Desplat's subtleness once again comes out in his moody, extremely uneasy and on edge pieces "Ron Leaves," "Bathilda Bagshot," and "The Exodus." "Godric's Hollow Graveyard" and "Hermione's Parents" are both darkly emotional pieces, immediately followed by the horrifyingly compelling "Destroying the Locket." "Ron's Speech" is all about the sweet part of the bittersweet Obliviate theme, and turns out quite nicely. "Lovegood" brings back the alluring and comical quirkiness of the score, which is then followed by intriguing darkness in "The Deathly Hallows." "Captured and Tortured," "Rescuing Hermione," and "The Elder Wand" bring back some frightening themes, creating a good effect overall and managing to end on the wonderfully moving "Farewell to Dobby."

There are three bonus tracks on the iTunes soundtrack download: "Voldemort," "The Dumbledores," and "Bellatrix." Voldemort is dark and uneasy but there really isn't much to it, but the other two are very good. "The Dumbledores" is a full version of the Dumbledore theme heard in some earlier tracks like "The Will" and "Detonators." "Bellatrix" brings out the wildly dark side of the orchestra in a crazy assortment of instruments.

Rating: ****

Track list (excellent tracks in red):
1. Obliviate
2. Snape to Malfoy Manor
3. Polyjuice Potion
4. Sky Battle
5. At the Burrow
6. Harry and Ginny
7. The Will
8. Death Eaters
9. Dobby
10. Ministry of Magic
11. Detonators
12. The Locket
13. Fireplaces Escape
14. Ron Leaves
15. The Exodus
16. Godric's Hollow Graveyard
17. Bathilda Bagshot
18. Hermione's Parents
19. Destroying the Locket
20. Ron's Speech
21. Lovegood
22. The Deathly Hallows
23. Captured and Tortured
24. Rescuing Hermione
25. Farewell to Dobby
26. The Elder Wand
27. Voldemort (Bonus Track)
28. The Dumbledores (Bonus Track)
29. Bellatrix (Bonus Track)
« Last Edit: September 06, 2013, 08:31:01 PM by SlowPokemon »
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DrP

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Re: Slow Reviews Soundtracks: A NinSheetMusic Column
« Reply #4 on: August 17, 2011, 02:08:32 AM »

How uncanny, those are the ONLY tracks I have checked in iTunes... haha
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SlowPokemon

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Re: Slow Reviews Soundtracks: A NinSheetMusic Column
« Reply #5 on: August 19, 2011, 12:30:32 AM »

Soundtrack Review: Harry Potter and the Deathly Hallows: Part Two by Alexandre Desplat

Here it is, the second part of my two-part special. Alexander Desplat returns to compose the score for the second part of the final installment in the Harry Potter series. Wow. That’s a lot to live up to.

I was really impressed with Desplat’s work on the first part, and was excited to hear he was returning for part two. The soundtrack isn’t quite as amazing as its predecessor, but there is a lot to be admired here. The main thing about Desplat that I mentioned previously is that his themes are very subtle. This is more so for the second soundtrack than it is the first, where there are loud and obvious themes like “Ministry of Magic” and “Snape to Malfoy Manor.” There are those types of themes here, but mostly the soundtrack is quiet and very subtle.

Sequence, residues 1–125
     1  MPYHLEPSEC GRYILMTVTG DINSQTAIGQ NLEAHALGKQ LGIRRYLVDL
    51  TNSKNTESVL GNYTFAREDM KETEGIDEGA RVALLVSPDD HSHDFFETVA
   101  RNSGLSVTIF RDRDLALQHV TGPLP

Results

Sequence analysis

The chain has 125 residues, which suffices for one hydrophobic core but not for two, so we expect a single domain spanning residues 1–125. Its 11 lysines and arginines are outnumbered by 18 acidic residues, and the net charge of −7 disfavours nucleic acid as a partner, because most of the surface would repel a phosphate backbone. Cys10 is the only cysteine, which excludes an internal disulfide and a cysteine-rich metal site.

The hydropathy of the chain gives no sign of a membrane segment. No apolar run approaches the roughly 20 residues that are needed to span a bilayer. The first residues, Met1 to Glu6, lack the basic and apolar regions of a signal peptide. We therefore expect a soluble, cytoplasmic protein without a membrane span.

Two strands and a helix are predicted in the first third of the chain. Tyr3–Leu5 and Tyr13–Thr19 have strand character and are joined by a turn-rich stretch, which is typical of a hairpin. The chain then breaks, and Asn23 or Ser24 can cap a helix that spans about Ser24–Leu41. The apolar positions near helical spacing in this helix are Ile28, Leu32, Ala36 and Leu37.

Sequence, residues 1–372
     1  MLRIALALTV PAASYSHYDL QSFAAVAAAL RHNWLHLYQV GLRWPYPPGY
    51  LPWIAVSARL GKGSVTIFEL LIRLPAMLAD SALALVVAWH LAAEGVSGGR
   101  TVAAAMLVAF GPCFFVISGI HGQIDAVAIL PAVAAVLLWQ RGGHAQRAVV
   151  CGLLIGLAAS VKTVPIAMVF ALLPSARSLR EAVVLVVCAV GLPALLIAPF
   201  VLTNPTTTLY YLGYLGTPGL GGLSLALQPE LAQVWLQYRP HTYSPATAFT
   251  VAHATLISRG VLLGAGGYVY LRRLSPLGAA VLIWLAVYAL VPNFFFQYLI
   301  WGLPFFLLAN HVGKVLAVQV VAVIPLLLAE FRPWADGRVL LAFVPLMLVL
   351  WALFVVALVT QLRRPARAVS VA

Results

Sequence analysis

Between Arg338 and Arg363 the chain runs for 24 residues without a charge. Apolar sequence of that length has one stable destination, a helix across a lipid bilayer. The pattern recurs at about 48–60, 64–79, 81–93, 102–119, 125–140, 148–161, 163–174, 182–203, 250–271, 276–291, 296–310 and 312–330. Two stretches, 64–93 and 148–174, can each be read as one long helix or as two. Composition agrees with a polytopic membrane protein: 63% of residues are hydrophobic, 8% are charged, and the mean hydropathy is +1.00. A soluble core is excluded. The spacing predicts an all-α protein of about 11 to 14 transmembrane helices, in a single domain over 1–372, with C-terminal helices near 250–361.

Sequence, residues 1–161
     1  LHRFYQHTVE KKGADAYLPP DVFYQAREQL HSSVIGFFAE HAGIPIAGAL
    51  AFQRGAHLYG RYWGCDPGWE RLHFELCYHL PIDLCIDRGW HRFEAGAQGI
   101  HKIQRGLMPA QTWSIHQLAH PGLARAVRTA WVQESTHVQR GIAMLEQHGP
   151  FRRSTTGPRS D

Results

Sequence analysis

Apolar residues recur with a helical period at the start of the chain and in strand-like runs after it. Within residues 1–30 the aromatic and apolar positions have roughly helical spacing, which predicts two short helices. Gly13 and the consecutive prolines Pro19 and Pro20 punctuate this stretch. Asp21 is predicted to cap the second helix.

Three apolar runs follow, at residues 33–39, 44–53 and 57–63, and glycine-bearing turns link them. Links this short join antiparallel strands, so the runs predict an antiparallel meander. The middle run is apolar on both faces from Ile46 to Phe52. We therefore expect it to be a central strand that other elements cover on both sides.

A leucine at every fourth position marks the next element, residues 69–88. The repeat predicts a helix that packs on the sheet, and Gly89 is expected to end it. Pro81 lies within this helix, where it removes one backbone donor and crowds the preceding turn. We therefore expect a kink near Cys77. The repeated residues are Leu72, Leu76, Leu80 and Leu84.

“Lily’s Theme,” the opening track, is both quiet and subtle, and very simple, relying on merely a vocal part to introduce the theme and then bringing in a couple strings to reinforce it. It’s quite a powerful track despite this, and one of the best on the album. Immediately following are the Gringotts adventure pieces: “The Tunnel” brings something more blatant to the table and manages to be one of the louder, catchier, and more obvious tracks, if only for a short length; “Underworld” is a compelling track relating the underground vault, for a moment bringing back the Locket theme from the first part as a treasure theme in the second. “Dragon Flight” is a ferocious and amazingly beautiful remix of Lily’s Theme, with a full orchestra this time, and is quite powerful.

“Neville” takes an opportunity to bring back the reunion of friends theme heard in the Polyjuice Potion track from the first part. Then we have “Statues,” the real gem on the album which is heartfelt, beautiful and devastating; it really captures the feel of the whole movie overall. This theme is later reused in “Courtyard Apocalypse.” “Snape’s Demise” is a horrifying tribute to the headmaster’s death, at first heard with a sort of hissing noise in the background, and ending with a soft reprise of Lily’s Theme, signifying the ties she had with Snape. After that is “Severus and Lily,” the longest track on the album at 6:08, and one that is incredibly sad and beautiful. This piece has enormous emotional significance. I especially like how he used Snape’s first name, I think to humanize his character a bit. “Harry’s Sacrifice” is a tender and mournful remix of the Obliviate theme (finally!) that captures the sadness of the moment. “The Resurrection Stone” brings back Lily’s Theme in a soft and subtle moment, one of the best on the soundtrack. Then we have the somewhat action packed tracks, “Neville the Hero,” “Showdown,” and “Voldemort’s End.” They are a bit lackluster, but add something to the soundtrack other than just quiet themes. Finally, in a sweet track with a bit of the Statues theme hidden in there, “A New Beginning” tenderly ends the soundtrack on a sweet and soft note.

Rating: ****

Track List (excellent tracks in red):

1. Lily’s Theme
2. The Tunnel
3. Underworld
4. Gringotts
5. Dragon Flight
6. Neville
7. A New Headmaster
8. Panic Inside Hogwarts
9. Statues